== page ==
Integrating C3 With Cobalt Strike via ExternalC2 And Studying Their Behavior
Cobalt Strike is the industry standard for C2 projects. It provides a post-exploitation agent and channels to emulate long-term embedded actors in networks. Cobalt Strike can use very good surreptitiously channels via many different techniques.
One interesting feature Cobalt Strike provides is called the ExternalC2 link, which allows attackers to lengthen the default HTTP(S)/DNS/SMB C2 communication channels contributed by using additional nodes in the middle of the channels. In this post, I will discuss the use of this feature after Integrating it with the new C3 project by FSecureLabs. Then review the imperceptibility, robustness, throughput, detection, and prevention of this implementation.
C3 stands for custom command control; this tool is made FSecureLABS and was released publicly on September 2nd this year. This is a very new project, and the idea of it is quite fascinating, in a recent blog post made by FSecureLabs about C3 they state, “It is a tool that allows Red Teams to rapidly develop and utilize esoteric command and control channels (C2). It’s a framework that extends another red team tooling (FSecureLabs, 2019).”
Windows has become much more secure over the years with Windows Defenders and the Anti Malware Scan Interface becoming something attackers can no longer ignore. As blue teamers evolve their craft so must red teamers, with the advent of C3, this makes our C2 traffic essentially blend in network traffic as to not raise suspicions. Furthermore, showing that we can integrate C3 with industry-standard red team adversary simulation software such as Cobalt Strike, this means that other red teamers can adapt these tools and techniques into their toolkit. Overall, this is important because this allows red teamers to become less suspicious and appear like genuine traffic; this helps red teamers less likely to get detected.
BUILDING & INSTALLING
Setting up Cobalt Strike Team server
Setting up CS Team server
$ ./teamserver <IP Addresss> <Team Password>
Cobalt Strike Client Test
Enter the team server IP Address, Port, username, and password.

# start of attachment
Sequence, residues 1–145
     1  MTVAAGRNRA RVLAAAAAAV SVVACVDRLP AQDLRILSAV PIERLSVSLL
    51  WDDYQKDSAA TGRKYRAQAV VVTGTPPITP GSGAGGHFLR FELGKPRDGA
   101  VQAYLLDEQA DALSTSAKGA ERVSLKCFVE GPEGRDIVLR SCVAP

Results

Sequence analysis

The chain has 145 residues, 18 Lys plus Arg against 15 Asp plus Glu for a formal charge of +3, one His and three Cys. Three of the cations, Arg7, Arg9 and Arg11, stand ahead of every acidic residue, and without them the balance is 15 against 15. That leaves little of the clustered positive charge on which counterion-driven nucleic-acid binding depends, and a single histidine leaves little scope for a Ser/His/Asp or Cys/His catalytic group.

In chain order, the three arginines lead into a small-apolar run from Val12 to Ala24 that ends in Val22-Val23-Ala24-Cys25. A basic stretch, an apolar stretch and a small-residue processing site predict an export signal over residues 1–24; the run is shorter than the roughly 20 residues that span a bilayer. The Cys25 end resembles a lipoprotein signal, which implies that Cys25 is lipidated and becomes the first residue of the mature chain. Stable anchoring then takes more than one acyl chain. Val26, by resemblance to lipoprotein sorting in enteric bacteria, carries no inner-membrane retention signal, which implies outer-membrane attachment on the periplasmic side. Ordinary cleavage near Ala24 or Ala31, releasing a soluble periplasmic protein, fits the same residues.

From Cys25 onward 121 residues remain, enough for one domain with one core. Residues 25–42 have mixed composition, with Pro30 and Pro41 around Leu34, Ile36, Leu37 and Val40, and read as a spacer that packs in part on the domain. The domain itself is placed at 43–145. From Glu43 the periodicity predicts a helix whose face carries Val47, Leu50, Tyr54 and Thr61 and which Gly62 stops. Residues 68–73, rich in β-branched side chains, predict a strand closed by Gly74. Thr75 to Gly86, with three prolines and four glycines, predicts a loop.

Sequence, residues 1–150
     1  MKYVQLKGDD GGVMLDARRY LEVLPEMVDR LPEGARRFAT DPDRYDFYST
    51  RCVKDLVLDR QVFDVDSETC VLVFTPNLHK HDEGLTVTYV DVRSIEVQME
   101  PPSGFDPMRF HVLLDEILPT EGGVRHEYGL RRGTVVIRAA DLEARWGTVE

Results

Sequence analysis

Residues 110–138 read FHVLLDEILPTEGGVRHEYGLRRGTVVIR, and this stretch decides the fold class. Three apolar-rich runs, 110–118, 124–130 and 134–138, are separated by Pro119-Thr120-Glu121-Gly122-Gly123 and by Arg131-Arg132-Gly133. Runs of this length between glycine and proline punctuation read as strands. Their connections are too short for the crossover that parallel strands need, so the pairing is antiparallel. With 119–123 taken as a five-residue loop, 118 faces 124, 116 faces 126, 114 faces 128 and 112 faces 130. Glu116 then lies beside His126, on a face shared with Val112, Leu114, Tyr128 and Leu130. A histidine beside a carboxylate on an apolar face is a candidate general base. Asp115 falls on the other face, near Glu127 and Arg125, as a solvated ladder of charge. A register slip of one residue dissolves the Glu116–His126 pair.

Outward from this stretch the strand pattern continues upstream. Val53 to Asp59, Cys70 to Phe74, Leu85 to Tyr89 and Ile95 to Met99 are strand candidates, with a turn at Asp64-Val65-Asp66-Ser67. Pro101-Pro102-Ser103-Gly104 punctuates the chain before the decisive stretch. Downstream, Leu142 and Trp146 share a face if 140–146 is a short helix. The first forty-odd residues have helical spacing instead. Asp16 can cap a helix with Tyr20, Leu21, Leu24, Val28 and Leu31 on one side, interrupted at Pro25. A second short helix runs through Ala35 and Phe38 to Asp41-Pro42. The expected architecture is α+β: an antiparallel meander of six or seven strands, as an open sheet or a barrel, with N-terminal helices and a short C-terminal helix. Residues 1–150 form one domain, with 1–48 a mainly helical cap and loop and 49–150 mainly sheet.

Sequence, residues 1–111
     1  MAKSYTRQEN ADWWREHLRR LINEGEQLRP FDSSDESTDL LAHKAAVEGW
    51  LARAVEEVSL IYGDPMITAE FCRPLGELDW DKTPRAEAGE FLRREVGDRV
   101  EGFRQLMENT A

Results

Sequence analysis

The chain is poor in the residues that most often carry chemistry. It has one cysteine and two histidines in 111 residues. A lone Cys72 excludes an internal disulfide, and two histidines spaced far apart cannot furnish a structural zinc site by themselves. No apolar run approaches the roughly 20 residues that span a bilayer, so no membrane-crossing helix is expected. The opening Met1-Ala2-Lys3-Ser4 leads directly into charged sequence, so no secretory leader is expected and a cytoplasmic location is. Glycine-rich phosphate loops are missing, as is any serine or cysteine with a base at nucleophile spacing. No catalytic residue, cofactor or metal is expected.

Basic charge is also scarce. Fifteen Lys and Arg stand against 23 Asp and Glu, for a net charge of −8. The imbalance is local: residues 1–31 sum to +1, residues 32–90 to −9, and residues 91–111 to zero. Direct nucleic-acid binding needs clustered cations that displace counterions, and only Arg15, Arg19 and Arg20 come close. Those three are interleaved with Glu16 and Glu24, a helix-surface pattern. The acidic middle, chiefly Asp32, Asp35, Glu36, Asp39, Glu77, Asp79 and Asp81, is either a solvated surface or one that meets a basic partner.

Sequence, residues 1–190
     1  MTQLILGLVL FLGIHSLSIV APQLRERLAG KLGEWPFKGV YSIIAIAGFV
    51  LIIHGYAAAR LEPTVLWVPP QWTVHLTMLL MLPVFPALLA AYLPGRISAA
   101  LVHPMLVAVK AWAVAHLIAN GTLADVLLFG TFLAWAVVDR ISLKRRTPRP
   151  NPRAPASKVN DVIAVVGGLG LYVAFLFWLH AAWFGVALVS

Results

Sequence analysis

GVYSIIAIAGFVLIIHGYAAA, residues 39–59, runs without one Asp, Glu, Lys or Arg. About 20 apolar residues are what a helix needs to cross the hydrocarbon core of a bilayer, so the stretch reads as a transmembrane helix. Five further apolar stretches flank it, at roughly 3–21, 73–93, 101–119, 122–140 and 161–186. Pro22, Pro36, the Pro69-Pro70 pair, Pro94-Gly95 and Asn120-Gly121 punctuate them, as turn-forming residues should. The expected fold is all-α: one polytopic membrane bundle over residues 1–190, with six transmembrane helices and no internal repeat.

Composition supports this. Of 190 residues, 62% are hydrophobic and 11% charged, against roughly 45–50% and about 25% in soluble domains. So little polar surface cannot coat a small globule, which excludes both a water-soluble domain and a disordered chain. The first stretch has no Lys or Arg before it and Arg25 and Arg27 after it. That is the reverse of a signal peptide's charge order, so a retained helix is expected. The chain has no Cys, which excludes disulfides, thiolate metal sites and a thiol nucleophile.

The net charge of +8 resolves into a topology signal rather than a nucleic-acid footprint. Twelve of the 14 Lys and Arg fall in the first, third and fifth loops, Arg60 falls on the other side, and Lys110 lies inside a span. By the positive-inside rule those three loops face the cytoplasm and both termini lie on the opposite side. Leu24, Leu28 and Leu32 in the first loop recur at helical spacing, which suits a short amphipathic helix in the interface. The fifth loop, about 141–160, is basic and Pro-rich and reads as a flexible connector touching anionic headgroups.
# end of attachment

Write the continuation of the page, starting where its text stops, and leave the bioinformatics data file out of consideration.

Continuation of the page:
Setting up C3
First, there are a couple of dependencies C3 needs to be installed.
- Dotnet corse 2.2, https://dotnet.microsoft.com/download/dotnet-core/2.2
- Visual C++ Redistributable for Visual Studio 2015, https://www.microsoft.com/en-us/download/confirmation.aspx?id=48145
- C3, https://github.com/FSecureLABS/C3/releases
As a result, the WebController will start at port 8080, and you can go to http://- C3 IP -/. In my case, it is http://10.1.1.25:8080/.
Configure a C3 gateway
Configure a gateway to start using C3 and download the zip file.
Unzip the file and run GatewayConsoleExe.exe so it connected to the Gateway.
Wait for a minute until it connects. After almost a minute, Refresh the Gateway page. It will show up a page as shown below.
Linking CS with C3
Now to link Gateway to Team Server we need to follow the next steps
Configure the CS side
Create a file with this content
Load it into Cobalt Strike
It should be loaded and it should show the script as shown below.
Configure the C3 side
Connect the C3 Gateway to Cobalt Strike.
For the channel we use Slack, we created a Slack App in a Slack Workspace. The Bot Permissions we used are shown below.
In the C3 Dashboard, click the
Command Center >
AddChannelSlack and paste Slack token.
As a result, the topology will change as shown
Creating a node relay setup
Next, we need to create a Node Relay for this C2 channel that we will run on a compromised host.
Click on the
Slack Channel Interface >
New Relay. Then run it on the compromised host.
As a result, the topology will change as shown.
Send Beacons to Cobalt Strike
To deploy a CS Beacon, click
Command Center >
Send Command. Then after waiting for less than a minute. The C3 Dashboard will show a new interface for the new beacon sent.
Cobalt Strike Dashboard will also have will show a new session.
I captured the traffic on the blue side and noticed that all the traffic is normal since it’s communicating with Slack’s server, and I like that it’s using HTTPS. But I can say that it’s too noisy. a
whoami command generates +30 packets, which is a little bit suspicious, especially when I dump hashs; It generates uncountable packets. In a future post, I will try to analyze the captures and identifies the unusual characteristics.
Slack channel behavior
I notice when the C3 sends and receives data. It encodes the messages (maybe enctype, not sure, but the messages end with
== so I guess it’s just encoding) from both ends. And when it finishes using the sent messages, it deletes the messages, which is something I liked.
The main problem in this implementation is the Relay binary/DLL. The implant needs to be loaded and running on the blue team side. Which is by using the default binary or Dll, just running the exe file is easily detectable. And the DLL implant is a better option but still not persistent after rebooting the system; thus, more persistence techniques need to be integrated with the implant to make sure it’s working all the time, otherwise, we lose cobalt strike beacons.
C3 is an amazing project. Very helpful and adds more implants in the blue teamers’ servers that behave differently, thus more ways into their systems, thus, more persistence. I think in future Red Team competitions, I would use it as a kind of last resort implants. Finally, special thanks to @notoriousRebel1 for helping me making this work.